Roast pork with dumplings and cabbage (pečené vepřové s knedlíky a se zelím, colloquially vepřo-knedlo-zelo) is often considered the most typical Czech dish. It consists of cabbage and is either cooked or served pickled. There are different varieties, from sour to sweet.

13. Smažený sýr

Smažený sýr

Smažený sýr means “fried cheese” – is a Czech and Slovak cheese-based dish, widely consumed in both countries of the former state of Czechoslovakia.  Fried Gruyère/Swiss cheese, served with tartar sauce and side salad.

A slice of cheese (which is usually Edam, but may also be Hermelín or Niva in the Czech Republic, Emmental in Slovakia) about 1.5 cm thick is first breaded with flour, egg, and bread crumbs and then fried either in a pan or deep-fat fryer. It is often served accompanied by a side salad, potatoes (fries or boiled potatoes), and, typically, tartar sauce or mayonnaise.

14. Beef Steak Tartare

Beef Steak Tartare

Steak tartare is a meat dish made from finely chopped or minced raw beef or horsemeat. In Czech Republic is usually served with raw garlic and a few pieces of fried bread, or “topinky”, the Czech take on the bruschetta brought in by Italian workers during the development of the Czech railway system in the 19th Century. Because we do not grow olives here, a topinka is usually pan-fried in oil or pork lard, or toasted and buttered. We prefer the latter, although many swear by the former.   

15. Kulajda


Kulajda is a Czech cuisine soup. An “updated” version is made with sour cream, potatoes, dill and quail egg.[1] Mushrooms are also an important ingredient of the soup.[2]

16. Roats Duck with dumplings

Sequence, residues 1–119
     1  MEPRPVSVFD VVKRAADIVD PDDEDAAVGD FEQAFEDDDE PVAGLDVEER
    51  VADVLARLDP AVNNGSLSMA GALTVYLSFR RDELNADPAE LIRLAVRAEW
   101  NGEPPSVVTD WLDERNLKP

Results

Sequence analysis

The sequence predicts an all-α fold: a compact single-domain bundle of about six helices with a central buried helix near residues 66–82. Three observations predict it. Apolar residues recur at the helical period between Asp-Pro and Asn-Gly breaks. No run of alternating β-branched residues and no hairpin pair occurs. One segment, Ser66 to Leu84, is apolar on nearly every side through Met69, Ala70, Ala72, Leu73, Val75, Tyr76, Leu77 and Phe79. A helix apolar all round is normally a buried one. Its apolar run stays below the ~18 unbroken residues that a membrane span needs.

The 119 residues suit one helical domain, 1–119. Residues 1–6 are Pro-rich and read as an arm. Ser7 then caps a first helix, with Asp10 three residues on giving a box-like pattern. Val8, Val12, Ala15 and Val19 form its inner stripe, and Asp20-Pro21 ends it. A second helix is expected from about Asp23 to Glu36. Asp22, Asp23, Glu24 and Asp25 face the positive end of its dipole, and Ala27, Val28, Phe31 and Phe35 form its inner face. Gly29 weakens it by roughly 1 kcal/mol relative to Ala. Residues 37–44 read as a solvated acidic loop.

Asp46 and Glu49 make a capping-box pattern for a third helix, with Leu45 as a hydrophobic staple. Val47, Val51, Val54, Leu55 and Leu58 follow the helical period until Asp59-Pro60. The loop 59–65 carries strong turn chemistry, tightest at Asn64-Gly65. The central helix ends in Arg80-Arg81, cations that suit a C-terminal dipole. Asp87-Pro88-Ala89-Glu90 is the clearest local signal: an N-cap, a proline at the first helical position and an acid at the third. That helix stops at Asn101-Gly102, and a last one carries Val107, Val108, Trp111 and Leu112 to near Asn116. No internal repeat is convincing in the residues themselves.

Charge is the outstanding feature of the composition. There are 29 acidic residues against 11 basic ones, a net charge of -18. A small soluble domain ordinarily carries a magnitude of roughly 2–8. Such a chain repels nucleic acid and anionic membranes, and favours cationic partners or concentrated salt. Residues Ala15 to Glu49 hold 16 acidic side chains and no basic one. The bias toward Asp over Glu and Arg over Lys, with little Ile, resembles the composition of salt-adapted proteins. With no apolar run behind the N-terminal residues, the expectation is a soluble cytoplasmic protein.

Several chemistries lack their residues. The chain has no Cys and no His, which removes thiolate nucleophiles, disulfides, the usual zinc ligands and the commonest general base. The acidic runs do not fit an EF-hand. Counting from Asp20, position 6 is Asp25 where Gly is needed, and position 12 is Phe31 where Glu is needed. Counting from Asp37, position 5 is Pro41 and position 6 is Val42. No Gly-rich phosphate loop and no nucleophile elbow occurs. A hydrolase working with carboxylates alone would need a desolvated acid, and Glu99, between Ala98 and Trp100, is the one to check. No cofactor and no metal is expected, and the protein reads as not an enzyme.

Roast Duck with dumplings

Roast duck (pečená kachna) is served with bread or potato dumplings and braised red cabbage.

17. Schnitzel (Řízek)


Schnitzel (Řízek) is a traditional Czech meat meal. The word means “sliced/cut (out) piece”. These are usually small slices of veal, pork or chicken covered with Czech traditional trojobal (Triplecoat), made from putting and pressing a piece pounded and sliced into smooth flour on both sides, then covered in whisked egg and breadcrumbs and fried on both sides. Řízek is served with potato side-dishes. The Czech triplecoat is used at Christmas to cover carp or trout decorated with lemon slices, in some households.

18. Trdelník


Trdelník is a kind of spit cake. It is made from rolled dough that is wrapped around a stick, then grilled and topped with sugar and walnut mix.

19. Palačinky


Palačinka is a thin crêpe-like variety of pancake common in Central and Eastern Europe.

20. Buchty


Buchty are sweet rolls made of yeast dough, filled with jam, ground poppy seeds or curdand baked in a large pan so that they stick together. The traditional Buchtel is filled with plum jam. Buchteln are topped with vanilla sauce, powdered sugar or eaten plain and warm. Buchteln are served mostly as a dessert but can also be used as a main dish.21

21. Kremrole


 They consist of a cone or tube of pastry, often filled with whipped cream or meringue. Also called foam rollers, they are a bags or roll-shaped puff pastry, which is sweetened with whipped cream or meringue, or sometimes filled with an unsweetened cream puree.

22. Czech Beer

Czech Beer

Czechs drink the most beer per capita of any nation in the world. Pilsner, the light, gold-colored brew that is the most popular variety of beer in the world, gets its name from the Czech city of Pilsen, home to the famous Pilsner Urquell brewery that ships out its green bottles and cans to countries all over the world.